Iconic MAD Magazine kid mascot, Alfred E. Neuman, posited: “What, me worry?’

Well, maybe, Alfred, yes!

Here in our picturesque, quaint, late-summer state, do we really need another worry? We’re already thinking about presidential elections, immigration, gun control, F-35s, milk prices and whether all of the firewood is split and stacked.

There is a concern out there that seems too daunting to actually comprehend. But it is something we need to worry about: The national debt remains one of America’s most persistent problems.

According to Catalyst columnist and blogger Luka Ladan, the American people certainly see addressing it as a dire need.

“According to the Peter G. Peterson Foundation, more than 80 % of Americans believe that elected officials should spend more time addressing America’s debt crisis. Nearly 60 % claim we are moving in the wrong direction on fiscal issues,” Ladan wrote in June.

Ladan writes that, while the reasons behind the rapidly increasing national debt are not necessarily common knowledge, Americans generally understand that the U.S. economy is saddled with debt.

But the facts are quite startling:

First, this year, the federal government’s total debt surpassed $22.5 trillion — the highest in U.S. history. In per capita terms, that comes out to $68,368 in public debt per person. (That number grows at an alarming rate. See for yourself at https://www.usdebtclock.org).

Our national debt now exceeds gross domestic product — that is, total U.S. economic output. National debt stands at 110% of GDP, which is the highest debt-to-GDP ratio since World War II (118%).

The new debt level reflects a rise of more than $2 trillion from the day President Trump took office in 2017. Annual deficits and the national debt rose to new heights under the Obama administration, and the trend has continued under President Trump.

The pressing question for all Americans (especially as we are about to shift into a higher gear in the election cycle) is: Why should we care?

National debt is the total amount of money that a country’s government has borrowed, by various means. The federal government adds to the debt by spending more than it receives in tax revenue. In other words, each year’s budget deficit is added to the national debt, while a budget surplus is subtracted. Unfortunately, it’s been a long time since the federal government sat on a surplus. (The last time was in 2001, when the government ended the fiscal year with a budget surplus of $127 billion — down from $237 billion a year earlier, but still in the black.)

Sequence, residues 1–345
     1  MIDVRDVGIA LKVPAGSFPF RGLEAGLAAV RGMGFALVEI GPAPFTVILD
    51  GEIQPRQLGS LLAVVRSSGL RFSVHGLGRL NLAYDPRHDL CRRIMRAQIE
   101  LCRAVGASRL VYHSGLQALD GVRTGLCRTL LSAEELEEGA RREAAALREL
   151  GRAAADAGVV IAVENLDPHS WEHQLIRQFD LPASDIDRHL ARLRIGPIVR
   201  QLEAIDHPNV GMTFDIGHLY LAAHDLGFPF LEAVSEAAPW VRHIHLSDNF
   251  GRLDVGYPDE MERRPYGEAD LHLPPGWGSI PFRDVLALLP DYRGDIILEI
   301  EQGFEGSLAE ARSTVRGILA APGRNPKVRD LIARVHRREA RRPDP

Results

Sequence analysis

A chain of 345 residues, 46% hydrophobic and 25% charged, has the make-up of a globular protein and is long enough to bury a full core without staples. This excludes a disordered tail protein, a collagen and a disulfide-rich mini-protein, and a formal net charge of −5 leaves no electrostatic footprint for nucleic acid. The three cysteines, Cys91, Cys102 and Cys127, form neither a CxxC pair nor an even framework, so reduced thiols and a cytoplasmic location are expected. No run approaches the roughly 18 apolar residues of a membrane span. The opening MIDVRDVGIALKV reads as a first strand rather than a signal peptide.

These days we are seeing red. (Financially, and in exasperation that the number has gotten so massive. Just to be crystal clear, written out, the debt is $22,500,000,000,000.)

According to Treasury Department, the U.S. budget deficit recently widened to $866.8 billion — a 27% increase since last year. This means that government expenditures far exceed tax receipts. In fact, government receipts totaled $2.86 trillion from October 2018 through July 2019, while outlays came out to $3.73 trillion.

And what are we spending all of this money on? Much of today’s budget deficit can be traced to increased spending on health care and the military. Medicare outlays, for example, recently rose by 11% to $66 billion.

It affects every one of us, and there are no signs of slowing.

The U.S. government is expected to add $12 trillion to the national debt over the next decade, bringing the debt-per-capita level to well over $70,000 per person — and beyond. As America ages and health care spending inevitably rises, the national debt is sure to follow, placing an even heavier burden on existing tax collection.

“By 2029, debt is estimated to reach $28.7 trillion,” the Congressional Budget Office predicted in January.

It does not appear deficits are being offset by gains in economic growth. And recent calls on Congress to rein in irresponsible and unnecessary spending seem to be falling on deaf ears.

Even Alfred E. Neuman knows the situation is no laughing matter.

At this point we can cut spending, raise taxes, figure out a way to drive economic growth at a faster rate than the debt, or get Congress to shift spending to areas that create the most jobs. (Research shows that spending on bridges, roads, and public buildings creates the most jobs per buck.)

The debt may be too big to comprehend. But that may be exactly what crushes us.

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